"Get hold of yourself, boy!" The old man was shouting. "You can't go to Ellen. She'll be all right for a little longer. You're needed here, understand? Ellen needs you for what you can do here more than anything else. Do you understand? You can save her only by sticking to your guns!"
The welling of sound grew louder, and Nard's vision cleared slightly.
"The experimental ship has reached the Martian!" Bennet shouted. "That's what this commotion means. Take your place at the communications board!"
Professor Bennet's words were like a bucket of cold water sloshed across Nard's face. He shook his head, as if coming out of a fog. Then, grim-lipped, he looked levelly at Bennet.
"Thanks, Professor. You're right. I was driven a little crazy for a minute."
He turned and moved swiftly to the communications board, sliding into the chair vacated by the scientist who'd been operating the communications key while Bennet was bringing Nard to his senses.
SWIFTLY, Nard's fingers found the key, and simultaneously, his other hand reached out and adjusted the amplifier to louder volume. The Martian's message came out of the robot larynx metallically insistent.
"Your space ship here. Mineral chemicals placed inside. What am I to do next? Dust is thickening. Please hurry."
Someone shoved a diagram in front of Nard. Professor Jaro Bennet stood beside him.
"Those are plans of the experimental rocket ship. You will have to use them to tell him which control to throw to take the ship back to Earth."
Nard increased the frequency modulator on the key, his finger working doubly fast now.
"Enter the rocket ship," he tapped furiously, "and walk to the front of it. You'll find a panel there—a control board—"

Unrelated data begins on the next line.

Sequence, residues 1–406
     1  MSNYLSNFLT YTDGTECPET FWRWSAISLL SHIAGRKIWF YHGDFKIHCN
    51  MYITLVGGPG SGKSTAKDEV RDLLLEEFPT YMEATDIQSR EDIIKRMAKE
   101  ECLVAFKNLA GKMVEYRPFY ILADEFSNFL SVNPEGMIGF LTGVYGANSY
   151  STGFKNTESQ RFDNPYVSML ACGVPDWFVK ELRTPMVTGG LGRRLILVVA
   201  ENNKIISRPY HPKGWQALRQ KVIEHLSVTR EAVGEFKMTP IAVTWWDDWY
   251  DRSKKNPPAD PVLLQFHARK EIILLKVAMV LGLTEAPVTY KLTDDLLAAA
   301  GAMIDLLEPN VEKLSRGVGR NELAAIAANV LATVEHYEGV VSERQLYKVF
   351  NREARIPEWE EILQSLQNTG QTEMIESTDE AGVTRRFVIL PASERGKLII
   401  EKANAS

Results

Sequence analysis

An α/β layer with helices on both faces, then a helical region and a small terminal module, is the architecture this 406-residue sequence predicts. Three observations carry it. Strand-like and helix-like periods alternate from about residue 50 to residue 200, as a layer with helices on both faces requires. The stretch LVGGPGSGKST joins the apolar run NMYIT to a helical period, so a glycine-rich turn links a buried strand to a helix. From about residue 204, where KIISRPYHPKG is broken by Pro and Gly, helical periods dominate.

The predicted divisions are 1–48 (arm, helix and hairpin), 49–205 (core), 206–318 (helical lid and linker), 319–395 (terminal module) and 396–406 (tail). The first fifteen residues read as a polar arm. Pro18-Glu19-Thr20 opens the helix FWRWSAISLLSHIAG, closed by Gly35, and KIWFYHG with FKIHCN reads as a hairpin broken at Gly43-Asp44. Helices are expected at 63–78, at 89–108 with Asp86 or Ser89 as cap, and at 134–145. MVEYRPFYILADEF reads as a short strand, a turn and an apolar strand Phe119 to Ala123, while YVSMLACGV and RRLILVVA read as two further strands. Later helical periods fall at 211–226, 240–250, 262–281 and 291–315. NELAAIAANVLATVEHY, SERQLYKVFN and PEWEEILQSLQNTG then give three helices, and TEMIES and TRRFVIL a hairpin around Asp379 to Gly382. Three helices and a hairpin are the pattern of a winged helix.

The metallic answer stopped Nard cold.
"What is front?" asked the Martian. Nard looked despairingly at Bennet.
"Doesn't he comprehend direction?" he asked. Bennet shook his head.
"Not as we know direction," he answered. "That was one of the unfortunate gaps in our synchronized communications. But tell him to go to the end of the ship having a board with two knobs prominently at its center. He'll get it that way."
Nard breathed a sigh of relief, his fingers swiftly tapping, "Go to end of rocket having board in center, with buttons on board."
The metallic voice came back a few moments later.
"I am before the board. What shall I do now?"
"Push the button," Nard's finger flew up and down on the key, "to your right." And even as he tapped out the words, Nard realized sickeningly that the Martian would ask—
"What is right?" The metallic voice, coming quickly over the amplifier, finished Nard's horrible certainty.
Nard looked up at Professor Bennet for a suggestion, but to his horror, the Professor's face was strained in sudden fear.
"What's a way to tell him left from right, Professor?" Nard asked desperately. "We can't let him mix those two buttons up. If he pushes the wrong one he'll have an internal rocket combustion that'll blow his ship to hell!"*